A competing plan by Democratic Reps. Elaine Nekritz of Northbrook and Daniel Biss of Evanston offers no such choice to retirees. They lay out a plan to cut pension cost-of-living increases, have workers pay more into the system and set up an entirely new retirement plan for teachers. Supporters of that plan say the severity of the crisis could make their plan acceptable in court.
Chicago-Kent College of Law professor Mark D. Rosen has argued that idea could be deemed constitutional despite the apparent ban on reduced benefits if the situation was desperate enough and lawmakers could convince judges the move had to be made for the good of the state.
“We have a lot of constitutional language that is written in absolute ways,” Rosen said.
The potential problem with that argument is that the pension systems also were in dire condition in 1970 when the state's constitution was written.
In fact, delegates who drafted the document protected state pensions at least partly because the state was in danger of not paying out benefits to retirees.
Just as Gov. Pat Quinn has used an orange cartoon snake named Squeezy to try to illustrate the harm the state's pension debt does to the state budget, a 1960s report on the same topic included a tornado, sucking up cash.
Some officials at the time even tried to get delegates to soften the constitutional commitment — hedge a little and let future lawmakers cut benefits if they needed to.
That effort was rejected multiple times, and those rejections are part of the reason Cullerton thinks the Illinois Constitution is unbending on cutting benefits without offering retirees something in return.
As a result, Cullerton's most recent proposal combines part of the Nekritz and Biss plan with his own idea to offer a choice to workers.
That bill lays out pension cuts similar to Biss and Nekritz's proposal, but says if judges reject that, his backup plan could become law.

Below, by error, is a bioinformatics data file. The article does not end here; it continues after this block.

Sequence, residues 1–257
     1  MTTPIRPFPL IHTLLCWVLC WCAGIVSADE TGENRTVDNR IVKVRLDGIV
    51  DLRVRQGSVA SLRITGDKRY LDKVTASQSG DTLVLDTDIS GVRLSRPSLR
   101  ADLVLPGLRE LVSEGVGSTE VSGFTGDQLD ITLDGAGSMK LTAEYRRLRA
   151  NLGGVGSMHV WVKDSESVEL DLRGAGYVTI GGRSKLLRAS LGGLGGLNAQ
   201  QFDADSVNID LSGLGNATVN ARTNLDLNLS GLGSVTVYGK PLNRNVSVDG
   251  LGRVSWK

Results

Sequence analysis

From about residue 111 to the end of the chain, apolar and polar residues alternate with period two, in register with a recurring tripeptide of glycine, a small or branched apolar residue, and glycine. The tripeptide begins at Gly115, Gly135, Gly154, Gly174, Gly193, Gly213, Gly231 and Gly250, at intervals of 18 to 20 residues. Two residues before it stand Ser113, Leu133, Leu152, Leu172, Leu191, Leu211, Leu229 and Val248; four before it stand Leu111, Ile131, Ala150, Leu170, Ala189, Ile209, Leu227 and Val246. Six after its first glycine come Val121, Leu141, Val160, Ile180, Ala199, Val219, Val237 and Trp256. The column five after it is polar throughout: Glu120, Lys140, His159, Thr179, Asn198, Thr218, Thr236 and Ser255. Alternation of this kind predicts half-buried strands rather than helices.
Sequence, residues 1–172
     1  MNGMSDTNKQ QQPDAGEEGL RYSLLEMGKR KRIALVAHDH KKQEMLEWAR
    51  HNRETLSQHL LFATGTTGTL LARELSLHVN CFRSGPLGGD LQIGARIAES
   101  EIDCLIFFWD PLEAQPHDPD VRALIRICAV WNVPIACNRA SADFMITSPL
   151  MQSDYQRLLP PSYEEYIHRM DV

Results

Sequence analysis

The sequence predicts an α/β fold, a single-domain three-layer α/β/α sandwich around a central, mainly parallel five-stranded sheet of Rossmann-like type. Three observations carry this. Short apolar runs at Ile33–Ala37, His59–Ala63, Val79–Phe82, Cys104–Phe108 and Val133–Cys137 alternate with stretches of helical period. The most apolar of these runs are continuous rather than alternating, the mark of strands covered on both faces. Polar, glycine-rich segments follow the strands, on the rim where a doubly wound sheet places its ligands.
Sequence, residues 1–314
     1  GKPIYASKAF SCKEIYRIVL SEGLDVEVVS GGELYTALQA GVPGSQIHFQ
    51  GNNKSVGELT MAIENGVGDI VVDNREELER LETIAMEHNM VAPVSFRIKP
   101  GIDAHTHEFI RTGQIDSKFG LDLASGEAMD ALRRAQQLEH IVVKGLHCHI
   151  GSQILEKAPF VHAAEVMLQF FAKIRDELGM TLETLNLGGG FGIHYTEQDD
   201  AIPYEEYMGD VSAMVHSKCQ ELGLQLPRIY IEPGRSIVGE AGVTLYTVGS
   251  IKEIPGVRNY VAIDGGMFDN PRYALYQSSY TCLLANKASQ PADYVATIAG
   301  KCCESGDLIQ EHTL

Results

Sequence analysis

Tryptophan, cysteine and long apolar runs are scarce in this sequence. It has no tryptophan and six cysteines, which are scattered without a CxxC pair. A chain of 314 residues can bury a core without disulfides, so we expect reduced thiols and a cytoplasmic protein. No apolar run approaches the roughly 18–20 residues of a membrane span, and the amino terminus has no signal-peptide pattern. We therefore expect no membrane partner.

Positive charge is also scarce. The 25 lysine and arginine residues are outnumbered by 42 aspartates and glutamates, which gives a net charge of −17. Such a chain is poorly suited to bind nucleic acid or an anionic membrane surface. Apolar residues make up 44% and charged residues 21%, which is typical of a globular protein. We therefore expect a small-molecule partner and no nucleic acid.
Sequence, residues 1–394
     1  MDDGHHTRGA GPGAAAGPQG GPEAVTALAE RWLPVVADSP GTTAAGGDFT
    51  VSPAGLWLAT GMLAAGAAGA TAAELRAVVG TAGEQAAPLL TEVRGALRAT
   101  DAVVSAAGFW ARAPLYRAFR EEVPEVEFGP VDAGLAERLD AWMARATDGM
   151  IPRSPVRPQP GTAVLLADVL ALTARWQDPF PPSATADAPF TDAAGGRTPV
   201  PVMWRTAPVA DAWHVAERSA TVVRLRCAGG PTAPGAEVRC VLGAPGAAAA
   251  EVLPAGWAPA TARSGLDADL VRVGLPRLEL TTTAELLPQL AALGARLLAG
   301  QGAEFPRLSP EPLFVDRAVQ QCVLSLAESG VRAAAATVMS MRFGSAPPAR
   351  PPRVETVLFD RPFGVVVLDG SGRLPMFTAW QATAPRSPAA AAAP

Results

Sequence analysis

“He is willing to advance a bill that doesn't include the choice element as long as the same bill includes a default plan with a constitutional framework for reform,” Phelon said.
Concerns about that plan include skepticism the state would save enough money if teachers and workers are given a choice. If not enough of them take the deal for smaller pension benefits, Illinois might not save the money lawmakers are looking for.
Not only that, but Rosen argues that the very existence of a backup plan takes away from the argument that the need for steeper cuts is urgent.
“That undermines the necessity of plan A,” he said.
Of course, even getting a plan to the courts would require Democrats, Republicans, Chicagoans, suburbanites and downstaters to agree on a single proposal in Springfield — an agreement that has so far been impossible to find.
Upcoming budget talks and possibly austere budgets for schools and other programs could force a compromise, but the legal question will loom large.
“One, he is willing to compromise,” Phelon said of Cullerton. “Two, he will continue to fight for a proposal that respects the pension clause.”Copyright © 2014 Paddock Publications, Inc. All rights reserved.